18 Unified Nomenclature System for the HPAI H5N1 Avian Influenza Viruses WHO/OIE/FAO H5N1 Evolution Working Group Clade descriptions: 0 = early progenitors; 1996-2002 from Hong Kong (HK) and China 3 = 2000-2001 from HK, China, Vietnam 4 = 2002/2003 lineage from HK and China; 2005/2006 from Guiyang Prov. 5 = 2000-2003 from China and Vietnam; 2004 lineage from Guangxi Province 6 = 2002/2004 from China 7 = 2002/2004 from China; 2005/2006 from Yunnan, Hebei, Shanxi Provinces 8 = 2001-2004 from HK and China 9 = 2003-2005 from China 1 = 2002/2003 from HK; 2003-2006 from Vietnam, Cambodia, Thai, Laos, Malaysia 2.1 = 2003-2007 from Indonesia 2.2 = 2005 from Qinghai Lake outbreak and Mongolia; 2005-2007 from Eastern and Western Europe, the Middle East, and Africa 2.3 = 2003-2006 from China, HK, Vietnam, Thailand, Laos, and Malaysia 2.4 = 2002-2005 from China (predominately Yunnan and Guangxi Provinces) 2.5 = 2003/2004 from Korea, Japan, China; 2006 lineage from Shantou Prov. avian_infl uenza/guidelines/nomenclature/en

19 Clade 2.3.4 Clade 2.3.1 Clade 2.3.3 Clade 2.3.2 Clade 2.4 Clade 2.2 Clade 2.5 Clade 2.1.3 Clade 2.1.2 Clade 2.1.1 Clade 1 Clade 8 Clade 9 Clade 6 Clade 5 Clade 4 Clade 3 Clade 7 Clade 0 Thailand 2005 Thailand 2004 Thailand 2008 * * *

20 Genetics Charaterization 1. Hemagglutinin (HA) gene - Cleavage site - HPAI 2. Neuraminidase (NA) gene - Stalk region - 20 amino acids deletion - Oseltamivir resistance - H274Y 4. Polymerase Basic protein 2 (PB2) gene - amino acid position 627 - E627K 5. Nonstructural protein (NS) gene - 5 amino acids deletion - amino acid position 92 – D92E - amino acids at C-terminal – ESEV/EPEV - Amantadine resistance - L26I, V27A, A30S, S31N 3. M2 ion channel gene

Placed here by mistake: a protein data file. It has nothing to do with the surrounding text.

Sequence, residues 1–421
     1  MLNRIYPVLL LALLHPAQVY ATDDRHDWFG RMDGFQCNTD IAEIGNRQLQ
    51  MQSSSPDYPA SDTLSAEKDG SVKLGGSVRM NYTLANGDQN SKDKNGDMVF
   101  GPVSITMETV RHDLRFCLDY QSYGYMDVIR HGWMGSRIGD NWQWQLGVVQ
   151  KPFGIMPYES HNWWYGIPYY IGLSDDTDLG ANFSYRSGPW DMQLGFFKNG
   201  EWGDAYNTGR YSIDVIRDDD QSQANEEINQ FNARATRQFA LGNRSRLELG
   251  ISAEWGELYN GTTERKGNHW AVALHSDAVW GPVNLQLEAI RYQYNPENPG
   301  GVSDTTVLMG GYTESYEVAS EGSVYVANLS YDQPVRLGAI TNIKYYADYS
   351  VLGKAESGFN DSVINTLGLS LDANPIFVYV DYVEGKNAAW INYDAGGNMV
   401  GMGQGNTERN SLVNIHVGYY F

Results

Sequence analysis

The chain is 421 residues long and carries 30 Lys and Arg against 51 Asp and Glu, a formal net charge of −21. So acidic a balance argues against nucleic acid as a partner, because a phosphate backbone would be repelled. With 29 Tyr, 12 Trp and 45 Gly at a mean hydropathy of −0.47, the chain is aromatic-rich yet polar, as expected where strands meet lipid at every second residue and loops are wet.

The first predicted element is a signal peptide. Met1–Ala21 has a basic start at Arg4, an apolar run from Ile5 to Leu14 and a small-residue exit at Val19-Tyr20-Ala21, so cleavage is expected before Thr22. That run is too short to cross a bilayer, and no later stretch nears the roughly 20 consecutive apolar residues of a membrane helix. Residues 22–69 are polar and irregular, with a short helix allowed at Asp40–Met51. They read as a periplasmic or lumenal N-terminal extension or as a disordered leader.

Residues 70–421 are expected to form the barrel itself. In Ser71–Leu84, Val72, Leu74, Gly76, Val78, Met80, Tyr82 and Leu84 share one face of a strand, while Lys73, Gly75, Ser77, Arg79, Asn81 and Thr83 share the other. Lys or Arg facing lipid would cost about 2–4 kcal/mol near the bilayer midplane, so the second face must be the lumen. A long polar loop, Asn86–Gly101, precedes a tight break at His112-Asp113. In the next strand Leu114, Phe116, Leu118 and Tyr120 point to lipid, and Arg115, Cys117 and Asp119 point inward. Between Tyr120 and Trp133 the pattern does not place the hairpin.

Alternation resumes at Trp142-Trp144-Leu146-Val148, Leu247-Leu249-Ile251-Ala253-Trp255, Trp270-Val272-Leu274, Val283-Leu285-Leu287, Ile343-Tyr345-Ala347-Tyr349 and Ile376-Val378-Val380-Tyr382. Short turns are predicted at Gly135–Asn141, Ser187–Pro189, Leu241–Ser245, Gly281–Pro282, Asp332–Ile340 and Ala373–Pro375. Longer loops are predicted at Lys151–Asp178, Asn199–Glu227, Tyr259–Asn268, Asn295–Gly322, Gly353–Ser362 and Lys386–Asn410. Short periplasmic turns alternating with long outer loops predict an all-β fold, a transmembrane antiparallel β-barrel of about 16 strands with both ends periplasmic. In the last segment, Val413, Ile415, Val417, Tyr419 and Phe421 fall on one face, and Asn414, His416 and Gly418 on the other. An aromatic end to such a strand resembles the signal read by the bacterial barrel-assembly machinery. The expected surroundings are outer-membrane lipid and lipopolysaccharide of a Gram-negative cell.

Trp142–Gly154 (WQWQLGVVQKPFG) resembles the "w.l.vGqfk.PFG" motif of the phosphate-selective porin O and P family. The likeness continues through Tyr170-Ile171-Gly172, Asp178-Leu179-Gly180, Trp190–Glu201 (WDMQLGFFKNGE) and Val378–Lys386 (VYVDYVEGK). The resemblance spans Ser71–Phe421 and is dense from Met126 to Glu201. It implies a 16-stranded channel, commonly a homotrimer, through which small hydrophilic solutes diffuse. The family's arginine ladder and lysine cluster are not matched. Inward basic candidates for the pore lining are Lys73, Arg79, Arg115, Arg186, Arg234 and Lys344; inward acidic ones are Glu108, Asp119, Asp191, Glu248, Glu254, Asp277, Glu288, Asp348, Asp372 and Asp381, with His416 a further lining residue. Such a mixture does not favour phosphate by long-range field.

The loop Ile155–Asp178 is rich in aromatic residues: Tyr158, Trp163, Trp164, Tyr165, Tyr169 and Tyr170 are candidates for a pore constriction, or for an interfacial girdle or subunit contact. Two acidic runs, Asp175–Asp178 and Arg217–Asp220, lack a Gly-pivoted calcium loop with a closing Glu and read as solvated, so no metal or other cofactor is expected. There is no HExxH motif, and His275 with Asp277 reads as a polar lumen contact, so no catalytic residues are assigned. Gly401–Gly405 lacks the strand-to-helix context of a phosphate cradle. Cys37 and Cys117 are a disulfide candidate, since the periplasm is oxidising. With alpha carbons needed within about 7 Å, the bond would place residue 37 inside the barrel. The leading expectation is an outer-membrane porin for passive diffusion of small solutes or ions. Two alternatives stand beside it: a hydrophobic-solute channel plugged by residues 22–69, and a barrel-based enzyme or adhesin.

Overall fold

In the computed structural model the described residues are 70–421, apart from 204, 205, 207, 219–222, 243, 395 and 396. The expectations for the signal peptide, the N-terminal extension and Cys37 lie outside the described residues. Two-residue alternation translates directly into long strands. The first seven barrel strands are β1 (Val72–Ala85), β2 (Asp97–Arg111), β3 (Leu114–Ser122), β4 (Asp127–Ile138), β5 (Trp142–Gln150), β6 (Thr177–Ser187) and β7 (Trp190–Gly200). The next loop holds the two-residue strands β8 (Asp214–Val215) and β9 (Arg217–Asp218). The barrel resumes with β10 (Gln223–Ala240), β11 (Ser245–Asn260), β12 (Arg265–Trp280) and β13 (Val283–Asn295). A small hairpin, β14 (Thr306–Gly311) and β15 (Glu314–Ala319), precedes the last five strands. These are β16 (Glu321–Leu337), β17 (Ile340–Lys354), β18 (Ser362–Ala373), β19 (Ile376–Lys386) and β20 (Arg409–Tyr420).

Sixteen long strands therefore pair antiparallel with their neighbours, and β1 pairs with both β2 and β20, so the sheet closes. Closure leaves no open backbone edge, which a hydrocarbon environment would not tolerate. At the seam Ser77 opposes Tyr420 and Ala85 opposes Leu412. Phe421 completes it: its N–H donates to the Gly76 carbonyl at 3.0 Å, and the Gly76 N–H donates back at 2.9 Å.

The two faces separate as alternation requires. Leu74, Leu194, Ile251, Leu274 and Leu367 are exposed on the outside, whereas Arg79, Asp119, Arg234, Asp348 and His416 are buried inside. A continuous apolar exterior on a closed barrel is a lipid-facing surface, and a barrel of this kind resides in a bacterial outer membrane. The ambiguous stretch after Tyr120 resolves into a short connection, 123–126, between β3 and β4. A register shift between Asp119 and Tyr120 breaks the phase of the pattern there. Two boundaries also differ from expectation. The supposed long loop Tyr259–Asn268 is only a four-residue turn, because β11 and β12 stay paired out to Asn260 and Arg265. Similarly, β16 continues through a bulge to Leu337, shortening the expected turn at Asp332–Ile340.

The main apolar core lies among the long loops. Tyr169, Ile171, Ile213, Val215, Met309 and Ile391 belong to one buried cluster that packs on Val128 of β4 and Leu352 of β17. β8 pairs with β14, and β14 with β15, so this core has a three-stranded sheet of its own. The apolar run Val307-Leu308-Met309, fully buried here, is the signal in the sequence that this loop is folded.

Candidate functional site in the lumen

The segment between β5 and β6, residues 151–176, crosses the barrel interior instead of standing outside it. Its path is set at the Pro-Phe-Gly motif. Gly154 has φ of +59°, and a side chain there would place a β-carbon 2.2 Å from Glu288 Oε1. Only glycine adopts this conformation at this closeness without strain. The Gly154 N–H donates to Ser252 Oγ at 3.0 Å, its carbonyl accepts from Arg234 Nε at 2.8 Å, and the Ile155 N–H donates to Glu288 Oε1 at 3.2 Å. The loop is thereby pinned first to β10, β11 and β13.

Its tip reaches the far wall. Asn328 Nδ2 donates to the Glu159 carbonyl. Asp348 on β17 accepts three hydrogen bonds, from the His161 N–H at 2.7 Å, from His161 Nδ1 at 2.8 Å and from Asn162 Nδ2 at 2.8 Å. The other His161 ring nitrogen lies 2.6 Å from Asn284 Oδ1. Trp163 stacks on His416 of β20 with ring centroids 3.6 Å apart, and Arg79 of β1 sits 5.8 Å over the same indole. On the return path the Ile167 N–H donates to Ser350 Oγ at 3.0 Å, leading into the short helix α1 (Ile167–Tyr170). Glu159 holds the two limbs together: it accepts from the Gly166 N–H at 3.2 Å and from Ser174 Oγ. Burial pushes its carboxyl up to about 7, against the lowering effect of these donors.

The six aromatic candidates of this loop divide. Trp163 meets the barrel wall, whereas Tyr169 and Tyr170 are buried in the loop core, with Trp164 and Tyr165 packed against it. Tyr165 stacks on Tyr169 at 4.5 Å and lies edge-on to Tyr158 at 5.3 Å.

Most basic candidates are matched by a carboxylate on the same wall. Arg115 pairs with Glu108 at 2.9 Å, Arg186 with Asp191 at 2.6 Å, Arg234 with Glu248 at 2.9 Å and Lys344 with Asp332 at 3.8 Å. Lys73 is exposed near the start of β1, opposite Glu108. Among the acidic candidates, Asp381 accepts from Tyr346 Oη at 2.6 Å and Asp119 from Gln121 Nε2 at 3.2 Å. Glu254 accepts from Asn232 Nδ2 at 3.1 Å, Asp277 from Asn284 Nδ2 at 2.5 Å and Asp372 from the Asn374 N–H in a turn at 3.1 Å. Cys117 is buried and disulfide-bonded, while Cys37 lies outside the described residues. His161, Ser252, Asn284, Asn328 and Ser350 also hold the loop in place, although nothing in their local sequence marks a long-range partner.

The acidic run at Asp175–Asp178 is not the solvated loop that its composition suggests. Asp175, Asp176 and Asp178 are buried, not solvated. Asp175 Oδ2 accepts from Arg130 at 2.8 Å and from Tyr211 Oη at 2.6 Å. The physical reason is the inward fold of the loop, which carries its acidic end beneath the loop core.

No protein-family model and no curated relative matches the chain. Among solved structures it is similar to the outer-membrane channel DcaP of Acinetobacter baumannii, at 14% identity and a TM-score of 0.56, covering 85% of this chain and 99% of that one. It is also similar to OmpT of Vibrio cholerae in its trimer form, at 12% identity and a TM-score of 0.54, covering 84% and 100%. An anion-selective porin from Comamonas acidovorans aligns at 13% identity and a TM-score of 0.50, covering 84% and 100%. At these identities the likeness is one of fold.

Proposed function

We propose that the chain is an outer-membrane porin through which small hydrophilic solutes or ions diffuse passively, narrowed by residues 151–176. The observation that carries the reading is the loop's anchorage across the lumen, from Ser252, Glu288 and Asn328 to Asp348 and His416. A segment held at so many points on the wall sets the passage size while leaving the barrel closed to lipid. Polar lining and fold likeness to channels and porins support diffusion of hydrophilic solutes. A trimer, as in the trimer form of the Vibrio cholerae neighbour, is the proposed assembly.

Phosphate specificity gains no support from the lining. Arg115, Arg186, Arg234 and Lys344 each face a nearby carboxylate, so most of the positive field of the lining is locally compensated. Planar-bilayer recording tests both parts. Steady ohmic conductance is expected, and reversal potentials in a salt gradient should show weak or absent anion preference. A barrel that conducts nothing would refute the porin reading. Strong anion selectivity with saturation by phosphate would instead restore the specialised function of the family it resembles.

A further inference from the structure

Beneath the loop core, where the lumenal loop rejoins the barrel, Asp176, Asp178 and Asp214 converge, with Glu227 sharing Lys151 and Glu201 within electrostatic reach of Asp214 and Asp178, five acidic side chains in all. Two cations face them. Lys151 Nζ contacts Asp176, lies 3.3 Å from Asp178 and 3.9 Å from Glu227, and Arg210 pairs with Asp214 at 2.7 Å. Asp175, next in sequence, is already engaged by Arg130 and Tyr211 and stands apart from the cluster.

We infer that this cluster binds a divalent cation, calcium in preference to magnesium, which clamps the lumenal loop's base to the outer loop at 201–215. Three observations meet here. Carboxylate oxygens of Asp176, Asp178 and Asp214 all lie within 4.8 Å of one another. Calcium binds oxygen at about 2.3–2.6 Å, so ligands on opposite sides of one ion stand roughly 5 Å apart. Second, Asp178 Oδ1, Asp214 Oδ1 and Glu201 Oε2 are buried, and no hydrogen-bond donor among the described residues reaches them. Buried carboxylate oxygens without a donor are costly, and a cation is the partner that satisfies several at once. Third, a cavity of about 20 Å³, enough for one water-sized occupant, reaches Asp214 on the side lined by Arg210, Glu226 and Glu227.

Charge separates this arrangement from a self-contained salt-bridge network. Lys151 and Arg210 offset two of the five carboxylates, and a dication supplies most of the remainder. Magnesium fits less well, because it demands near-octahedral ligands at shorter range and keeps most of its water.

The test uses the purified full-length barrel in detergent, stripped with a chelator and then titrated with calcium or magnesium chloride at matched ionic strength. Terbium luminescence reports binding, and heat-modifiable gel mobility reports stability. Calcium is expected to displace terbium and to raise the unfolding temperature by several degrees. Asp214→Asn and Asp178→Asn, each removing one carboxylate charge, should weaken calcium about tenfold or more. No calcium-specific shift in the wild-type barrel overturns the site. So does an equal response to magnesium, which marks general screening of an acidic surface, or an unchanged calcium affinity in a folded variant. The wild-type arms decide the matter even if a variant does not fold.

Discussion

21 The Cleavage site between HPAI and LPAI LPAIHPAI (Low Pathogenic Avian Influenza)(High Pathogenic Avian Influenza) HA Picture from Nature reviews microbiology 3:591-600 LPAI do not contain a series of basic amino acid at the cleavage site HPAI virus have multiple basic amino acids at the cleavage site

22 The difference of cleavage site of Hemagglutinin gene LPAI HPAI USA 1975 - 83 China 1996 - 97 Thailand 2004 and 2006 Thailand 2005 - 06 Northwestern of China 2005 - 06 Southeastern of China 2005-06 Thailand 2006 There are several variation patterns of inserted basic amino acid

23 20 amino acids deletion within the stalk region of Neuraminidase protein All of the viruses isolated from Thailand have 20 aa deletion within the stalk region of NA (may increase retention of virions at the plasma membrane)

24 Oseltamivir sensitive / resistance in NA at amino acid position 274 Mutation of H274Y  Oseltamivir resistance Fortunately, all of the isolates in Thailand were sensitive to Oseltamivir

25 Amantadine sensitive / resistance in M2 26 31 Dual amantadine resistance mutations at positions 26 and 31 were found in most of H5N1 influenza isolated in Thailand

26 Different amino acid at position 627 of PB2 627 Viruses isolated from avian species contain 627E (Glu) Viruses isolated from mammalian species contain 627K (Lys)

27 5 amino acids deletion and C-terminal of NS 92 5 amino acid deletion (80- 84): may enhance the virulence D92E  resistance to IFN and TNF-alpha treatment Carboxyl-terminus (ESEV): may correlate with virulence in mammals

28 Conclusions Bioinformatics are crucial for molecular epidemiology of H5N1 avian influenza –Phylogenetic analysis –Genetic characterizations LPAI or HPAI Anti-viral drugs resistance mutant Virulence of the virus

29 Acknowledgement National Center for Genetic Engineering and Biotechnology, Thailand Thailand Research Fund (Senior Research Scholar) Royal Golden Jubilee Ph.D Program National Research Council Of Thailand Center of Excellence in Viral Hepatitis Research, Chulalongkorn University Chulalongkorn University emergency fund Faculty of Veterinary Science, Chulalongkorn University, Bangkok, Thailand Chulalongkorn University and Hospital The department of Livestock Development, National Institute of Animal Health, Bangkok, Thailand Faculty of Veterinary Medicine, Kasetsart University, Kumphaengsaen Campus, Nakorn Pathom, Thailand The department of Pediatrics, Faculty of Medicine, Srinakharinwirot University Nakhon Nayok, Thailand The Department of Medical Sciences (DMSc) Ministry of Public Health, Nonthaburi, Thailand The Department of Microbiology, Siriraj Hospital, Mahidol University, Bangkok, Thailand The ASEAN-China Cooperation fund